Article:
[Python-Dev] RFC: Backport ssl.MemoryBIO and ssl.SSLObject to Python 2.7
cory at lukasa.co.uk
Thu Jun 8 04:30:37 EDT 2017
> On 7 Jun 2017, at 20:06, Jim Baker <jim.baker at python.org> wrote:
> Sorry, I wish this were true, but PyOpenSSL is not available on Jython, because we do not yet support CFFI for Jython. CFFI support is something we have looked at, but we have not implemented. (There is a related and far more ambitious project to implement support for the C Extension API, http://jyni.org/ <http://jyni.org/>, which Stefan Richthofer is working on with me under the Google Summer of Code.)
This is what I was worried about. Moving to require PyOpenSSL *also* locks us out of Jython support, at least for the time being. That’s another point in the “con” column for making PyOpenSSL a mandatory dependency.
> I should mention that we sometimes see undocumented functionality leak out. For example, https://docs.python.org/3/library/socket.html#socket.socket.listen <https://docs.python.org/3/library/socket.html#socket.socket.listen> doesn't say anything about backlog=0, but the requests test suite (last time I looked on Jython) now depends on it. We assumed it was something like http://pubs.opengroup.org/onlinepubs/009695399/functions/listen.html <http://pubs.opengroup.org/onlinepubs/009695399/functions/listen.html>, but as described in http://bugs.python.org/issue8498 <http://bugs.python.org/issue8498>, it now means that "a server application in python that accepts exactly 1 connection", by passing to the underlying C. More tests, more docs, please, even though of course that's a lot of dev effort.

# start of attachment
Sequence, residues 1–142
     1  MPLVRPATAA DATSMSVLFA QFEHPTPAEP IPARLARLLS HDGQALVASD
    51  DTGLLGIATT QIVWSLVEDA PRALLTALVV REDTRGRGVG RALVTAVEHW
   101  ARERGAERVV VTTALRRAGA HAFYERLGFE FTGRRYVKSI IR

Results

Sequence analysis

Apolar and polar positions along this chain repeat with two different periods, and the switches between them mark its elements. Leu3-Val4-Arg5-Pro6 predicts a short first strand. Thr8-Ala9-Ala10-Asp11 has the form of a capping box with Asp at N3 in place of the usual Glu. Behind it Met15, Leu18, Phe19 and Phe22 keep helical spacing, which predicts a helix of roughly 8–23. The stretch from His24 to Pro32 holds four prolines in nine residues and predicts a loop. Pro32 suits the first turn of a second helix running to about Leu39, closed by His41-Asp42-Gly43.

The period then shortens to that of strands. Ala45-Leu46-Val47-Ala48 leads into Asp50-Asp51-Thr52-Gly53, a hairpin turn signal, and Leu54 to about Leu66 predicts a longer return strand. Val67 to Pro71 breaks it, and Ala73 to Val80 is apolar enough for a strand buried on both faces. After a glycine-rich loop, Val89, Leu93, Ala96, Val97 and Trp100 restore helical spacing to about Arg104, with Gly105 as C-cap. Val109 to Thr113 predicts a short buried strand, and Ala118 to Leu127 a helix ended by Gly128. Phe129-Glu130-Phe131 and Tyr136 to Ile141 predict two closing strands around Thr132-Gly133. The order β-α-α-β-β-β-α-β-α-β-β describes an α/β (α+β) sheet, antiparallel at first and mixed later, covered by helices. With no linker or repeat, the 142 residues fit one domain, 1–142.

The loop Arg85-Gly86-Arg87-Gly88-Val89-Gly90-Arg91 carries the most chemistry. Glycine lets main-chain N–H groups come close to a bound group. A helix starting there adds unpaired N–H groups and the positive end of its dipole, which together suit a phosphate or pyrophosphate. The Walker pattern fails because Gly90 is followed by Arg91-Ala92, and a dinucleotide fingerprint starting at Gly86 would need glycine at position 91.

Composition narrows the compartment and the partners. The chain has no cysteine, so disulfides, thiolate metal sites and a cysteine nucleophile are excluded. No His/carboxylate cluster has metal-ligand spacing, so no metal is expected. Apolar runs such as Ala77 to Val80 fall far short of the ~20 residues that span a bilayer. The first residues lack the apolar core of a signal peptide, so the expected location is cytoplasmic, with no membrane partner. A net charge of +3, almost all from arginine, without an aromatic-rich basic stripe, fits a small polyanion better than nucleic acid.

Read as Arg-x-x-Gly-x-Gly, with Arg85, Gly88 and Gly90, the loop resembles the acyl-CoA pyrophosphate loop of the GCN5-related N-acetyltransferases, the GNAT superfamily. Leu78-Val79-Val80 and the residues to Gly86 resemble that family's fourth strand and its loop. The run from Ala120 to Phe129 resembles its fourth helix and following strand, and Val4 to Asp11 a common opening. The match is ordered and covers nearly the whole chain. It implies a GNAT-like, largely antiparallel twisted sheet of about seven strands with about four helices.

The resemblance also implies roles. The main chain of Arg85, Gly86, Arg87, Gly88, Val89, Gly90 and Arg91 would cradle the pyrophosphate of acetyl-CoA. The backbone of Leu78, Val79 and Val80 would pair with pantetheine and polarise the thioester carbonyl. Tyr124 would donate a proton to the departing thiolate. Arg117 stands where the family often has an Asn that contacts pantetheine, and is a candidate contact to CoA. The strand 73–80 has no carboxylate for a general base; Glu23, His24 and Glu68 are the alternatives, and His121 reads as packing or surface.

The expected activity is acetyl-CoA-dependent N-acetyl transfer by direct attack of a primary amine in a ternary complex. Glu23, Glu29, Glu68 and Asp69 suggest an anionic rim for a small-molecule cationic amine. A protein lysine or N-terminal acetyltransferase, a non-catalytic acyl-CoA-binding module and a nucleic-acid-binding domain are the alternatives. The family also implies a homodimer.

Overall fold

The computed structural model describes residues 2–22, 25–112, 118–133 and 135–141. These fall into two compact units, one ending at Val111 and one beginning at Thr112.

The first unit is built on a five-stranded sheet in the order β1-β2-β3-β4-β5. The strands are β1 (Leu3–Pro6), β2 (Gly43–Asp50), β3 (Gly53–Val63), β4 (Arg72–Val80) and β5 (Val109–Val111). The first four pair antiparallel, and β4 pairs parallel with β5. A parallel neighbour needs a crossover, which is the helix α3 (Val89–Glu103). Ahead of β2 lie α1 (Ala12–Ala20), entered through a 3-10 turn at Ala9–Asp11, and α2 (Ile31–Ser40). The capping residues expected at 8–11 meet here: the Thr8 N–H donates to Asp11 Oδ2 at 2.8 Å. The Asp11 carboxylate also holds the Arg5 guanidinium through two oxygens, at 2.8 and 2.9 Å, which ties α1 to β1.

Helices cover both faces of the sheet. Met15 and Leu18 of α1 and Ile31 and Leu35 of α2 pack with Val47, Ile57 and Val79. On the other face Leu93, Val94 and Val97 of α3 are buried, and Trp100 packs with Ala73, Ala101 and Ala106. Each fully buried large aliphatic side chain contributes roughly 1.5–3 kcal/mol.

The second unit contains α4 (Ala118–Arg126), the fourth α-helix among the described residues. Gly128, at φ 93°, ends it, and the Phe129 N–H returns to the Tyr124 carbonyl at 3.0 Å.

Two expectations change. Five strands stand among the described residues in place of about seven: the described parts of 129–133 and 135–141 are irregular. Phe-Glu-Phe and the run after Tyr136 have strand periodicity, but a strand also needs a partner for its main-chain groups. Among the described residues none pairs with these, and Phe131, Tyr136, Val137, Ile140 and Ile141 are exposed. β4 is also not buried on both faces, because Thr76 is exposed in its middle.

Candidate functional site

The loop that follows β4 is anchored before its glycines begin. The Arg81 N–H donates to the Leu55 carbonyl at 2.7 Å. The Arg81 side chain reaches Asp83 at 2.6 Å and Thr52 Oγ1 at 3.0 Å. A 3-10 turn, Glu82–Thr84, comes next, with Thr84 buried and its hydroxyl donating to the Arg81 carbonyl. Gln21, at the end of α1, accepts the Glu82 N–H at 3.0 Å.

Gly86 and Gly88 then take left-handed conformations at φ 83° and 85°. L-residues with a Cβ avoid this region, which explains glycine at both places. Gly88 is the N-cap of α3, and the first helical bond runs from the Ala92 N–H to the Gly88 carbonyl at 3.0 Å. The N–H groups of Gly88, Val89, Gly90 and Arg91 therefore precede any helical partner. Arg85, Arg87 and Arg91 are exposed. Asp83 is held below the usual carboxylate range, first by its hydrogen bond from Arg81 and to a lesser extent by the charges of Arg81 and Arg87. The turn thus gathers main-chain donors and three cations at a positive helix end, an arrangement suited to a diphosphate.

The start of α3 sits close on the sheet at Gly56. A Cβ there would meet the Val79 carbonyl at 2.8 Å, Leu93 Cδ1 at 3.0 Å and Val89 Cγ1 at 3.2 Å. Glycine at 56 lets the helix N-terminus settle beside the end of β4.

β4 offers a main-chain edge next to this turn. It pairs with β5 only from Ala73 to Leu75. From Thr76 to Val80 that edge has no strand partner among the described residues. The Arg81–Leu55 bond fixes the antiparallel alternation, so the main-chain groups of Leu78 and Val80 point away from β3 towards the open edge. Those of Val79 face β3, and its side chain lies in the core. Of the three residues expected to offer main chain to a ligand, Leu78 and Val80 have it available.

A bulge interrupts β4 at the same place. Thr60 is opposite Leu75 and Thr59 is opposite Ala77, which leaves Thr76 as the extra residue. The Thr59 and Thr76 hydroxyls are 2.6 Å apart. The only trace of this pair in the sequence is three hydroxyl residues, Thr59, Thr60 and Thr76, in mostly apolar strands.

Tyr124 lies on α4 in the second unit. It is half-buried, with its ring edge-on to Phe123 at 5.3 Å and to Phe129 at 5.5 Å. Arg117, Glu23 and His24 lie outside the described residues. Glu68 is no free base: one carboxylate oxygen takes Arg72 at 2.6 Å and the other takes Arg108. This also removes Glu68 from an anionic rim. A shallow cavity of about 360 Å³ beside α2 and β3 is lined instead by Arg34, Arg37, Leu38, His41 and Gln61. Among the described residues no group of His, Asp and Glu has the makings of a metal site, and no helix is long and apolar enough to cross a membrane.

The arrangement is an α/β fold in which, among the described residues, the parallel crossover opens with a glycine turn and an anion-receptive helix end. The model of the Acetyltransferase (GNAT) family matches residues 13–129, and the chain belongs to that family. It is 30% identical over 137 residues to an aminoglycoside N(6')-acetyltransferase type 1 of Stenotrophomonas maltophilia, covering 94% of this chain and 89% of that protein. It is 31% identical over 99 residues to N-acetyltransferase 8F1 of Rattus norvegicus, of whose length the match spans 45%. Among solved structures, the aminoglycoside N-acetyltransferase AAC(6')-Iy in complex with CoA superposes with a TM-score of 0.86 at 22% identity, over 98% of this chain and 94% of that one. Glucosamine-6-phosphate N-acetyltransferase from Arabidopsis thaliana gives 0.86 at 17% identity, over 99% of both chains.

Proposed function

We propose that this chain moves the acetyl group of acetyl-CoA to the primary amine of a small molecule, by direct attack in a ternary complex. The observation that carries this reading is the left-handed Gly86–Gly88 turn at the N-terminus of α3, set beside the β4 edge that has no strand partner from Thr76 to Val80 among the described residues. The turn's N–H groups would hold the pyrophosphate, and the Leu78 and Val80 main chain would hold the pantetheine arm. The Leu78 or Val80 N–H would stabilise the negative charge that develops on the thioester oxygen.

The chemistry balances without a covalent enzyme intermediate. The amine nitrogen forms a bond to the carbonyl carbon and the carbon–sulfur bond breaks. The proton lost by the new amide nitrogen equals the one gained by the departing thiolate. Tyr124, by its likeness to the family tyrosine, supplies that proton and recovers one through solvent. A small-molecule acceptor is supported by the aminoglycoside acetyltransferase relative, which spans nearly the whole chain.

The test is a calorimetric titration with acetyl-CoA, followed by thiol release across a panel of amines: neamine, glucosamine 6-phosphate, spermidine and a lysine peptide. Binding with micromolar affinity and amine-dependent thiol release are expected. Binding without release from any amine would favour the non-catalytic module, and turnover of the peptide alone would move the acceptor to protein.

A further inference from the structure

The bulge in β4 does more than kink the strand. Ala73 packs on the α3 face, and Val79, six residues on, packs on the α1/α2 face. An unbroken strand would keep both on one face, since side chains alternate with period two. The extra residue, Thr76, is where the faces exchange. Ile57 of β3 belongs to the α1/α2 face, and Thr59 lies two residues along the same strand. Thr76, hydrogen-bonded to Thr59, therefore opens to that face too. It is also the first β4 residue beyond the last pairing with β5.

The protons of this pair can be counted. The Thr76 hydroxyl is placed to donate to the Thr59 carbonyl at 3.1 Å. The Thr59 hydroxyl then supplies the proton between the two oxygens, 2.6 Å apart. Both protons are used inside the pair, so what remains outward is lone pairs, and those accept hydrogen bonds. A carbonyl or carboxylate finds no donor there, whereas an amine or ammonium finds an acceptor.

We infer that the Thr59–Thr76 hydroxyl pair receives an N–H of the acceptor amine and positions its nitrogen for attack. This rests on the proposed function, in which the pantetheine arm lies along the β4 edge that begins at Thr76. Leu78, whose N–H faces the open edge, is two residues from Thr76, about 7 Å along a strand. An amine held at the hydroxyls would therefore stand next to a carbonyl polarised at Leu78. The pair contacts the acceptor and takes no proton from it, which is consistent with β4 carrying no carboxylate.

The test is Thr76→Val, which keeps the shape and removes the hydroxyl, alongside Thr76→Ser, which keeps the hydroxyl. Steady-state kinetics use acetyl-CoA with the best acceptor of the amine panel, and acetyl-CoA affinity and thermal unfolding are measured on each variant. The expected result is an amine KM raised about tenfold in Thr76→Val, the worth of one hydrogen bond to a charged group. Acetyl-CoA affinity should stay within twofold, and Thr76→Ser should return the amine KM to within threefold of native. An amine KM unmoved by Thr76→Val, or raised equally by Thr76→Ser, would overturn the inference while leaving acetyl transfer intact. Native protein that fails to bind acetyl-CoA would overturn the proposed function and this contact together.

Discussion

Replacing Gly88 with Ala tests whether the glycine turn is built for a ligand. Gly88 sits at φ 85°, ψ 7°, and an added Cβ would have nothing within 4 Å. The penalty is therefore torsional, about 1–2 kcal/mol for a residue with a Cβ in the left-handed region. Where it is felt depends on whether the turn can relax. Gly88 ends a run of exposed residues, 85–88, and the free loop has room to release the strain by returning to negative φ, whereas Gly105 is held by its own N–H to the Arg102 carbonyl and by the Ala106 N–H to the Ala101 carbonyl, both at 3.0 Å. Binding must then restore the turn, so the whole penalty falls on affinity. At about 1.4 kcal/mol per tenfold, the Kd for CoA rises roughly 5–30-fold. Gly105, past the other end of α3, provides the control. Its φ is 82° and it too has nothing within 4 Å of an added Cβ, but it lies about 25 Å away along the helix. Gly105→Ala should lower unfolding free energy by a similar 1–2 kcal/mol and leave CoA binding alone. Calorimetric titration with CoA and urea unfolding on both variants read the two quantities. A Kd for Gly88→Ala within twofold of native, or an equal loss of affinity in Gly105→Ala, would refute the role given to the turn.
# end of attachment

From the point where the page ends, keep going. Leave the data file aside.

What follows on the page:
Ah, yes, we do. In our defense, this is the semantic of the listen syscall, and the socket module is generally a pretty thin wrapper around most of the socket syscalls. But in hindsight this is definitely the kind of thing that gets tricky for someone trying to reimplement the socket module in terms of a different abstraction. I don’t want to dive down this rabbit hole because if we do I’ll have to start talking about how the complexity of the socket API is one of the other implementation hurdles for PEP 543, but I think that’s a conversation for another time.
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